Also see Susan's review of The Arabian Nights
Cymbeline will never be one of William Shakespeare's more coherent playsthere's a reason why it's rarely performedbut director Rebecca Bayla Taichman has created a production of it for Washington's Shakespeare Theatre Company that's as beautifully visual and easy to follow as may be possible.
Cymbeline is one of Shakespeare's late romances, along with the frequently staged The Tempest and i>The Winter's Tale and the less familiar Pericles. It bounces wildly from comedy to near tragedy in a world of Shakespearean devicesparents alienated from their children, mistaken identity, women disguised as men, children kidnapped in infancy, potions that may be deadly or may just give a person a nice long sleep, and morebut, in this case, they're all in one play. Taichman finesses this by gently imposing a framing device of a woman (Dee Pelletier) reading a bedtime story to a young girl (Zoe Wynn Briscoe) and occasionally taking on a small role herself.
For once, the central character is not the one named in the title; it's Imogen (Gretchen Hall), daughter of the ancient British king Cymbeline (the magisterial Ted van Griethuysen). She defies her father by marrying the commoner she loves, Posthumus Leonatus (stalwart Mark Bedard), instead of her vain, idiotic stepbrother Cloten (Leo Marks), son of her father's second wife, the Queen (Franchelle Stewart Dorn, dripping with malevolence). This marriage sets in motion innumerable complications for Imogen such as attempted seductions, plots against her life, and a close encounter with a headless corpse.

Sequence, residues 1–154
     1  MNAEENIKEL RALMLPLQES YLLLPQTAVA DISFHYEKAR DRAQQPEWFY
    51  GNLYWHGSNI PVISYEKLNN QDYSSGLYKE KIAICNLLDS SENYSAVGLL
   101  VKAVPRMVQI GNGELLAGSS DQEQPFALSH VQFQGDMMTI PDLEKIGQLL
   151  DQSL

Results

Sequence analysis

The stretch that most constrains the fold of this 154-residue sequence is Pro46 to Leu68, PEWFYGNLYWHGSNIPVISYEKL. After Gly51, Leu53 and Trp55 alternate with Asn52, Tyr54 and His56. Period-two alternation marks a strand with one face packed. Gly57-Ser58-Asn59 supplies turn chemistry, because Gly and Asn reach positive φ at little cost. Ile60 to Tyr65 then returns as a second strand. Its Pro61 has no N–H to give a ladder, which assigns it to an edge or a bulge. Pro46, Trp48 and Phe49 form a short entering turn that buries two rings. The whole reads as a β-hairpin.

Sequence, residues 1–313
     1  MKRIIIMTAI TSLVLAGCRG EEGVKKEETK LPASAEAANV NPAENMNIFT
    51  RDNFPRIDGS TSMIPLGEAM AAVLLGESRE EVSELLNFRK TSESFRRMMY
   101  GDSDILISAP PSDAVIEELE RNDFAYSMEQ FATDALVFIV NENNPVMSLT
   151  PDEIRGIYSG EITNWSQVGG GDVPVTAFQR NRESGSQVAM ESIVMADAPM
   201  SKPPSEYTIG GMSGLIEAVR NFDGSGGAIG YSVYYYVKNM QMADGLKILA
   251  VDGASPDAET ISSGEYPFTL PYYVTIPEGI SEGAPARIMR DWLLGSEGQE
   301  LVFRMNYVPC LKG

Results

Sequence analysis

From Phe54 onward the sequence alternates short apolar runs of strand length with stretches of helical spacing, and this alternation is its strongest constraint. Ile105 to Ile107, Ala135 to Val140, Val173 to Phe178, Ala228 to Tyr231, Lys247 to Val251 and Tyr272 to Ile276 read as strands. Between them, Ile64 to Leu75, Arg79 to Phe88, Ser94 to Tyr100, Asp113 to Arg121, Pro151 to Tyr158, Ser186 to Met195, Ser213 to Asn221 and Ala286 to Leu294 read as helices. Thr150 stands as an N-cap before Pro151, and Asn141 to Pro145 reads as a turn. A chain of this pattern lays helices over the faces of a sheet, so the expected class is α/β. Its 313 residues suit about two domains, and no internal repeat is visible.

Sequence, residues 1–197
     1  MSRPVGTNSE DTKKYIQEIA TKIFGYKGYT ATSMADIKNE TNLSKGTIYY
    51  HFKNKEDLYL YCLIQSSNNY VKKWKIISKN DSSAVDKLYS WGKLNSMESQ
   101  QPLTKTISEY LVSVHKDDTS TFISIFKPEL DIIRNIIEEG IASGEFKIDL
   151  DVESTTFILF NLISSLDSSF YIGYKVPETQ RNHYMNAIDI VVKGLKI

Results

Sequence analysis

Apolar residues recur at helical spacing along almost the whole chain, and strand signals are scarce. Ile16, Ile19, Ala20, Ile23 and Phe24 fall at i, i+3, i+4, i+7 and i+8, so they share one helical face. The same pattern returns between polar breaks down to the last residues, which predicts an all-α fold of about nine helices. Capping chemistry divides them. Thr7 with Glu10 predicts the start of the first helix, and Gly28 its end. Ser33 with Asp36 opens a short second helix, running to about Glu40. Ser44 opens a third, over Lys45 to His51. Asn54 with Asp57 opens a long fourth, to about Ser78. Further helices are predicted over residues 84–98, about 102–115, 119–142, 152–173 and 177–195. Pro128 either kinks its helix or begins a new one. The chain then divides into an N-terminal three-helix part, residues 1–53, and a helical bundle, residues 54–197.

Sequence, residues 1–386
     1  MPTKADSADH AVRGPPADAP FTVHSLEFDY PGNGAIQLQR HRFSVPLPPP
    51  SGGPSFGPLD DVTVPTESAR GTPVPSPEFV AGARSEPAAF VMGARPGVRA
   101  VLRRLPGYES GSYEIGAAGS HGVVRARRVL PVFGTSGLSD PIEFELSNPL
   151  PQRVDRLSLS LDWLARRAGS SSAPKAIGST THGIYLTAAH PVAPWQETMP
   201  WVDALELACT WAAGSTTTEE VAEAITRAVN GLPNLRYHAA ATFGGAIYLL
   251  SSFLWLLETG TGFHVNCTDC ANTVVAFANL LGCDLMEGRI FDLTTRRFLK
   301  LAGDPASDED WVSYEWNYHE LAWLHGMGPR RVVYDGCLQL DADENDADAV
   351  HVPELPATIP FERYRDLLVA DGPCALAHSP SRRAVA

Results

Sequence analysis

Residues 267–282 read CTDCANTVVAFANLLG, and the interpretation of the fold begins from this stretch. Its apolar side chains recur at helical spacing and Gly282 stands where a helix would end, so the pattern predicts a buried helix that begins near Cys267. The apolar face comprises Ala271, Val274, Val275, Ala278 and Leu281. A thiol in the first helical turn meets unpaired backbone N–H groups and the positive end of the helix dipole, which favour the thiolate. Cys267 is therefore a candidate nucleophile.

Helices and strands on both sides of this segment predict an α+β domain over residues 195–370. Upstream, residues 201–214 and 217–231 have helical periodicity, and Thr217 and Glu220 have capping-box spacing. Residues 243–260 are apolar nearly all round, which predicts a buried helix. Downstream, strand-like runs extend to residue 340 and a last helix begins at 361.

Hall maintains the integrity of her character even in her most extreme moments, but also has the benefit of a solid supporting ensemble, among which Adrian LaTourelle shines as the duplicitous Iachimo. Even such minor roles as Cloten's wisecracking lord (Tom Story) and the servant Pisanio (William Youmans) get their chances to stand out in this production.
Scenic designer Riccardo Hernandez and lighting designer Christopher Akerlind have created a gorgeously shimmering, ephemeral world for the vast canvas of the story, which ranges from Cymbeline's court to the anachronistically modern city of Rome and the wilderness of Wales. People seem to float as they walk on hidden platforms behind metallic floors and transparent walls, and tanks of water turn red as blood during battle scenes while rain streams down in the background. Similarly, Miranda Hoffman's costumes encompass the Queen's voluminous gown, glinting like a snake's skin, as well as Cloten's foppishness and the simpler clothes of outdoorsmen and soldiers.
Shakespeare Theatre Company